Inside Red Giant PluralEyes 4 Audio/Video Sync

NLE editors, take a look inside the newest version of PluralEyes audio/video sync. Jeff Foster outlines a three-step workflow below and the results look good. Get the software as a stand-alone item or with the benefits of the full Red Giant Shooter Suite v13, which includes PluralEyes 4, Offload 1.0, Instant 4K, and Frames 1.1. Available now on Videoguys at a special rate!

First Look: Red Giant PluralEyes 4

ProvideoCoalition by Jeff Foster

How PluralEyes 4 Works

Synched media Basically, PluralEyes 4 will automatically ingest, organize and sync your media files and export them to your NLE project synced and ready to edit. Using the specular audio data, PluralEyes will match up the raw video and audio clips from your production and sync them. Then you can chose to export directly to FCP X or Adobe Premiere Pro or save the video and audio files out to work with any NLE, such as Sony Vegas Pro. Of course, all your video must have some kind of audio track to perform the sync, but in my tests, even GoPro footage was easily synced with both DSLR and EXCAM clips along with a mixed audio track in a 5-cam multicam production with ease.

The PluralEyes 4 Three-Step Sync Workflow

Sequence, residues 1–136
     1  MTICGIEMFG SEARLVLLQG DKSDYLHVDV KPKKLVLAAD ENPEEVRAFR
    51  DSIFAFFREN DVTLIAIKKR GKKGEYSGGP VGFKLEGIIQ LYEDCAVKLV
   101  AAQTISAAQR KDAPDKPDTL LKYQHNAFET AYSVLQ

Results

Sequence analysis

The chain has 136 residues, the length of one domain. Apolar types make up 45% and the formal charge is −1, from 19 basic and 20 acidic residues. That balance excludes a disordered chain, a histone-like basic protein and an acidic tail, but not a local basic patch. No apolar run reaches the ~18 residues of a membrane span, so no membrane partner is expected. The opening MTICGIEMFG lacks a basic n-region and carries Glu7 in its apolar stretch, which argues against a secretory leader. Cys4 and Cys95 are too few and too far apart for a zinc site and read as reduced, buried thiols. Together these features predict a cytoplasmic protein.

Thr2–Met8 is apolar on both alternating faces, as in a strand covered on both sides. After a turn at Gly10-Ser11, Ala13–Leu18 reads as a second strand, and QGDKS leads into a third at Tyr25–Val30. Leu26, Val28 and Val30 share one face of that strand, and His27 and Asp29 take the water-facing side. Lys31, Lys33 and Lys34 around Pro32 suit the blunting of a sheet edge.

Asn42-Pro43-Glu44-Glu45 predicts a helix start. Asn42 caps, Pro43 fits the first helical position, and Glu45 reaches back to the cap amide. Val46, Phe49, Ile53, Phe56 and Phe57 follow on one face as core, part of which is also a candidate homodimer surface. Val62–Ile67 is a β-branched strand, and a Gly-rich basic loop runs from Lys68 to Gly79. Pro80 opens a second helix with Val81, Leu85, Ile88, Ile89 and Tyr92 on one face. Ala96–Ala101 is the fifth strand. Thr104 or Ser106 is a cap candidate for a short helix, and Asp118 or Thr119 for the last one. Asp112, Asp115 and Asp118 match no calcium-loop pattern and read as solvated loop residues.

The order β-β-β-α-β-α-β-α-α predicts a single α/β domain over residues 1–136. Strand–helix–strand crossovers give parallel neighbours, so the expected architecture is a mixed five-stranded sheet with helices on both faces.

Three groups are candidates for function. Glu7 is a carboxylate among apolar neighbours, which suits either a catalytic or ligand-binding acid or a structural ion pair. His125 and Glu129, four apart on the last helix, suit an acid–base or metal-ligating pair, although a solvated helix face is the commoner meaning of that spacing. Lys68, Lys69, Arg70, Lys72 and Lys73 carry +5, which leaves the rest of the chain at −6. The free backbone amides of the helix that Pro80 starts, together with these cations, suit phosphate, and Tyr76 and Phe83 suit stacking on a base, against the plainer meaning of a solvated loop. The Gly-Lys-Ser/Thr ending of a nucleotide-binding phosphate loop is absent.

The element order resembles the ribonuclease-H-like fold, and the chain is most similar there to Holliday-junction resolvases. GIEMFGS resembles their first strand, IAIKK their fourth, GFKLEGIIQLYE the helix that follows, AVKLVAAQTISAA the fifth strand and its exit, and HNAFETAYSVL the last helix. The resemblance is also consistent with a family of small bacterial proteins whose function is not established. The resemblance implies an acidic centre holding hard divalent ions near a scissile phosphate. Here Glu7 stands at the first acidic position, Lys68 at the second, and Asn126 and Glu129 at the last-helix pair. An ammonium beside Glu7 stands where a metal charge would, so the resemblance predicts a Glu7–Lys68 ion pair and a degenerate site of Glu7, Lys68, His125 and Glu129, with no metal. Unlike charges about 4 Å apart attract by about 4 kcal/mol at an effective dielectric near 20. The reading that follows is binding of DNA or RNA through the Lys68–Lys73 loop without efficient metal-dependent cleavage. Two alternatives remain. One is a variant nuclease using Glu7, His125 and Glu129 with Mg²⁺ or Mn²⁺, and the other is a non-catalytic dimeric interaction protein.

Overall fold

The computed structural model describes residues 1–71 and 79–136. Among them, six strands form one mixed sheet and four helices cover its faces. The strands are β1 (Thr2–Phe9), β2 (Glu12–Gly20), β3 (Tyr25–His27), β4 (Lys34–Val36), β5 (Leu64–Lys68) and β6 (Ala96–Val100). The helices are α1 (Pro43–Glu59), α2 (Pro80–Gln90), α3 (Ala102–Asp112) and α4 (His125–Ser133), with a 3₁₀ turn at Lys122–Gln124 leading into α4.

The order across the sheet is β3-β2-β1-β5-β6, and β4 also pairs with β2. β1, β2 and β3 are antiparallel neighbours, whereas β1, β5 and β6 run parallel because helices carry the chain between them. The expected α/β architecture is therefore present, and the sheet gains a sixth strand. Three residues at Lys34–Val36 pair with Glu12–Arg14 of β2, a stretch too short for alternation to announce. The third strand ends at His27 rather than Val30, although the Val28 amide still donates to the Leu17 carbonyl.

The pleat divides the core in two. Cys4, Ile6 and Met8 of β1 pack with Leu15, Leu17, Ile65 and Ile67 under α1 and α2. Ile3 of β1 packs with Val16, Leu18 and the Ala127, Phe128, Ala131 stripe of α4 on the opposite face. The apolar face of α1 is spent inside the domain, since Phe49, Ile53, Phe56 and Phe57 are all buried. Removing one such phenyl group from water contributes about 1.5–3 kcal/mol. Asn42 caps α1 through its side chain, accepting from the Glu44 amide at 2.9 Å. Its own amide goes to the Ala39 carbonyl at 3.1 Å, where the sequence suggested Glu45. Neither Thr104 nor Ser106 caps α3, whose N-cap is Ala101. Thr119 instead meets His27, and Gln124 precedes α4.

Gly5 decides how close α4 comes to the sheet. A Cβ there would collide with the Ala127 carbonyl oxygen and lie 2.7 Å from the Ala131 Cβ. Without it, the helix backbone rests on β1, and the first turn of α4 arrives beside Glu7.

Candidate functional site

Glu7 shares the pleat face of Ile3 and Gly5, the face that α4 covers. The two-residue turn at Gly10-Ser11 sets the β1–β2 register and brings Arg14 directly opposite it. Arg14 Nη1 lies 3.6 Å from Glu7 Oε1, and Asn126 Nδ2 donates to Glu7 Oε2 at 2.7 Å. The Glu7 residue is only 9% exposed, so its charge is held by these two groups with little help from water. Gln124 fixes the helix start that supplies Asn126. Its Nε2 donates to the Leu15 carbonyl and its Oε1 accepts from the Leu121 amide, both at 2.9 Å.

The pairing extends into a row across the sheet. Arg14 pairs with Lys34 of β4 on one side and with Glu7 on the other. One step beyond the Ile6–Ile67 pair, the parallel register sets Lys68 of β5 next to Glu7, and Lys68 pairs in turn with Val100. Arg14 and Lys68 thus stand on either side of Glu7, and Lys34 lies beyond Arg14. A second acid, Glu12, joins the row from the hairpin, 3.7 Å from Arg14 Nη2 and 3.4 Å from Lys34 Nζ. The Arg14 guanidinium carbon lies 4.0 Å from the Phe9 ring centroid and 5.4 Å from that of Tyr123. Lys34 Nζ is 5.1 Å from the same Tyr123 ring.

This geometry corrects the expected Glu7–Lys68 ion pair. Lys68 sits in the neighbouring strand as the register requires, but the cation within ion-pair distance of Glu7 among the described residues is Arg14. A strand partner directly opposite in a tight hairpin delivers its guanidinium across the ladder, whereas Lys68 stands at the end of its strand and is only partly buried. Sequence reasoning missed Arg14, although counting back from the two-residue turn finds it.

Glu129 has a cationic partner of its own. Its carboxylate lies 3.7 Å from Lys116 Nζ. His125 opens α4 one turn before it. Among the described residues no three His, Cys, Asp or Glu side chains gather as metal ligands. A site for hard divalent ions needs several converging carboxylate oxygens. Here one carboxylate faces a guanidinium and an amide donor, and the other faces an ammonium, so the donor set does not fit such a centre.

Red Giant really streamlined PluralEyes 4's UI and workflow and ease of use, while providing greater performance of sync capabilities of multicam productions. Simpler single cam and audio recorder shoots such as multi-clip DSLR interviews with an audio recorder can all be synced quickly - often in just seconds. When you start PluralEyes 4, its main window appears. This simplified design takes you through the step-by-step process of importing media files, synchronizing them and exporting the synched clips. While there are three tabs across the top of the top of the window, only the Add Media tab is highlighted until your project has media imported to it and ready to start synchronizing. You simply drag-drop your media folders or files onto the window and PluralEyes 4 will begin ingesting and organizing the files into separate tracks, ready to sync. - See more at:[continue reading]

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